Last month, I registered as a supporter of the Labour Party in order to vote for the leader and deputy leader. I am a lifelong Labour voter, and no, I don’t care what you think about that, and if you tell me what you think about that in the comments, I will let your comment through solely so that I can edit it to replace your drivel with the word “Bellend”. WordPress lets me do this, friends, so choose wisely.
The choice of candidates for Leader is as tempting as being asked whether you want a smack in the face or a kick up the arse, while the inevitability of Deputy Tom Watson is just horrible. There are few experiences as emetic as opening an envelope to find Watson’s huge smug face staring out at you. If only I had a dartboard. Nevertheless, if the party is going to let me participate in the process of choosing which leader will lose the 2020 election, it seems churlish to pass up the opportunity. I actively want to vote for Stella Creasy, so there is some crumb of meaning in there somewhere, apart from the fact that she’s not going to win.
When I signed up, the Labour Party required me to agree to receive communications from the party. There was no more to it than that, and no terms and conditions for me to consult before signing up. It was a fait accompli – sign up and get the messages or go away and don’t vote. This is a straightforward breach of the Privacy and Electronic Communications Regulations 2003 (PECR). Communications from a political party are marketing. Regulation 22 states that marketing emails can only be sent if the recipient has notified the sender that they have consented to receive them. Consent is the same ‘freely given, specific and informed’ consent that you need for Data Protection. If there is any doubt about what that means for marketing emails, the Information Commissioner’s excellent guidance on Direct Marketing is – by ICO standards – uncharacteristically clear: “Consent cannot be a condition of subscribing to a service or completing a transaction”.
Labour cannot lawfully make the receipt of marketing emails and texts a condition of registering as a supporter. Every email and text sent to a registered supporter who has not actively and separately consented to receiving the emails and texts is a breach of PECR. The breach is particularly serious in my case, because in 2013 I exercised my rights under Section 11 of the Data Protection Act with all of the serious English political parties (and UKIP); this means that none of them can send me marketing, and so even the junk mail that each of the campaigns is sending me by post is unlawful. This is not my view; this is the view clearly expressed in the ICO guidance. The fact that I can opt-out is irrelevant. I should not have to (and anyway, I already have). Labour is arrogantly and cynically ignoring legislation that it passed when in government in order to hassle its most active supporters.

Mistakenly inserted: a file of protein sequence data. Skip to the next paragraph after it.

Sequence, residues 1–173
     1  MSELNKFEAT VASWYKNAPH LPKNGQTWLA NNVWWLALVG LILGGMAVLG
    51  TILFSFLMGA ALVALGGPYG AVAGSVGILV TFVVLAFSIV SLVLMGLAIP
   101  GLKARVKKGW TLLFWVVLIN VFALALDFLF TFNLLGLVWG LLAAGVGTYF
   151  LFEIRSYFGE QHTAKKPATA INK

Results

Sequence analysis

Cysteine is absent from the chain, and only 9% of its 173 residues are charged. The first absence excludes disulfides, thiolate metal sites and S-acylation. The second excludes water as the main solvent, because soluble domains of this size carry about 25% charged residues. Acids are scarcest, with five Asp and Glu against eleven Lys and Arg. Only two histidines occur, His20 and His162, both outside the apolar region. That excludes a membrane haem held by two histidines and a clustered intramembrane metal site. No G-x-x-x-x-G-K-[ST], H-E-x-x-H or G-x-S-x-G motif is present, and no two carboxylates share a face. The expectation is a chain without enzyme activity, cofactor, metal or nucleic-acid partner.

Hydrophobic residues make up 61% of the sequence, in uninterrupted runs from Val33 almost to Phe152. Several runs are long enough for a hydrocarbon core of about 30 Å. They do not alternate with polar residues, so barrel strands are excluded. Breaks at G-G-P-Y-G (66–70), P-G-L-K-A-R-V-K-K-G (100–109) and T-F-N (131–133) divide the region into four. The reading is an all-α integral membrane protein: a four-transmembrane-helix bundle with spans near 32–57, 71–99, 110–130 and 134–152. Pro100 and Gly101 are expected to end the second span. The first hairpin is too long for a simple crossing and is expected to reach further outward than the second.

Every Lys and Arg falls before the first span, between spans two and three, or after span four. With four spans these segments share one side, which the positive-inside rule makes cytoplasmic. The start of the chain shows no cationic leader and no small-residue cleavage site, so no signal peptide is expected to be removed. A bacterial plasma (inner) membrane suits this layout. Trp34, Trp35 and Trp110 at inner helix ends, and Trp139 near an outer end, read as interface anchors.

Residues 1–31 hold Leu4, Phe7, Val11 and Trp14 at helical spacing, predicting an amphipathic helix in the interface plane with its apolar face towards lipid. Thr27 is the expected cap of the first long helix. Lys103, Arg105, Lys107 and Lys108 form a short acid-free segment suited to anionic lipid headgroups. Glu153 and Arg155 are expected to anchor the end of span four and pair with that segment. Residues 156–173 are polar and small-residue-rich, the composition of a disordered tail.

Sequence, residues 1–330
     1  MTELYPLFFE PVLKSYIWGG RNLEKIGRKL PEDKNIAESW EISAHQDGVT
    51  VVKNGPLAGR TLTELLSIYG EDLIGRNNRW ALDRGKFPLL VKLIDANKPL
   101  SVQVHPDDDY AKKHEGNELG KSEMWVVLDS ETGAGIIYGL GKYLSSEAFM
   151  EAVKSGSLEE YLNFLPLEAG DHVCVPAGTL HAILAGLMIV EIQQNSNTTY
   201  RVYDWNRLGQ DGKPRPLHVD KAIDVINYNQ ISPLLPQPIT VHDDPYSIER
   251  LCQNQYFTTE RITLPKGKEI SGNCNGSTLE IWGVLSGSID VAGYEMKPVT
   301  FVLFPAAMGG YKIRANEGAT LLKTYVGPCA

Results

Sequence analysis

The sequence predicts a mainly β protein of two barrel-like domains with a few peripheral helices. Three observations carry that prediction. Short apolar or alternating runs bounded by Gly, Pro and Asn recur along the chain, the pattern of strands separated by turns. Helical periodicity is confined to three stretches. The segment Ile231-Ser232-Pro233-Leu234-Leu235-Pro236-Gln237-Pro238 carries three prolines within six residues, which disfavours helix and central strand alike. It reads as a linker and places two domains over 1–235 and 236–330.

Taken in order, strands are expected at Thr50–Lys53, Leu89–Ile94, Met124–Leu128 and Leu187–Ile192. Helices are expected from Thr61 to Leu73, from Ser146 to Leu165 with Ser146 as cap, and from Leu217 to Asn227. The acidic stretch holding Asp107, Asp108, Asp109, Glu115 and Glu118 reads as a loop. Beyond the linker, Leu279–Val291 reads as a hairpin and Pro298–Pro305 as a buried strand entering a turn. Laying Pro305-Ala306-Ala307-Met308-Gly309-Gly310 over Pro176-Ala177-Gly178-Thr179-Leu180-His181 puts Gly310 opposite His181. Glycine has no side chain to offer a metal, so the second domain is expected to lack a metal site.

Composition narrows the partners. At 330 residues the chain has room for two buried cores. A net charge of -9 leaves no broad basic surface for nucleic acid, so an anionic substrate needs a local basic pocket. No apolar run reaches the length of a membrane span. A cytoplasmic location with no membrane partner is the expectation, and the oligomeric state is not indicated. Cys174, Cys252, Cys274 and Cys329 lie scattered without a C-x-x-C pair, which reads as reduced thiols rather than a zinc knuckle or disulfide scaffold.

Inevitably, privacy champion Tom Watson has sent me the most emails, and demonstrated the least compliant approach. One of the emails had an option to tell Watson if you were going to vote for him, and so I clicked on the link to say no. I was then presented with a webpage asking me who I was going to vote for, as well as two pre-ticked boxes for ‘Send me email updates’ and ‘Send me text message updates’. A pre-ticked box doesn’t constitute consent (consent has not been ‘given’), but nevertheless, I unticked the boxes, clicked the box for ‘Stella’ and submitted.
Instantly, despite having told Watson’s campaign that I don’t want to vote for him and I don’t want to receive his email updates, I received a further email from Watson telling me how brilliant he is and how I should give him my second preference. There is no chance of this: not only will I never vote for Watson, I have always been fond of Ben Bradshaw, because he is Alan Dransfield‘s MP and he looks like he has skinned Hugh Grant and is wearing his face as a trophy. The second preference email was yesterday, and today, I have already received another email from a Watson supporter who has (no doubt spontaneously) written a paean to Watson that happens to include most of the examples the Watson campaign is using elsewhere. I am absolutely thrilled that the Watson campaign has apparently shared my email address with random strangers.
Needless to say, I have emailed Watson to point out his bad practice (and I didn’t use the word ‘hypocrite’, so see how I have matured) and more importantly, I have written a detailed letter of complaint to Iain McNicol, the party’s General Secretary. This is not my first rodeo with McNicol, so I know that all I will get is a reply stating ‘we’re perfectly entitled to do this and if you don’t like it, then opt out’. This reply is useful solely because the ICO understandably expects me to complain to the offending organisation first before going to them, and complaining to them is the only thing I can apart from write this blog for people who probably already agree with me.
Of course, the most the ICO will probably do is tell Labour to stop emailing me, which makes them (at least in this context) the world’s most convoluted unsubscribe button. But nevertheless, rather like voting for Creasy even though she’s going to lose because I honestly think she is the best candidate, I will complain about Labour’s habitual breaches of PECR because they need to be called out on it, even though no enforcement will follow.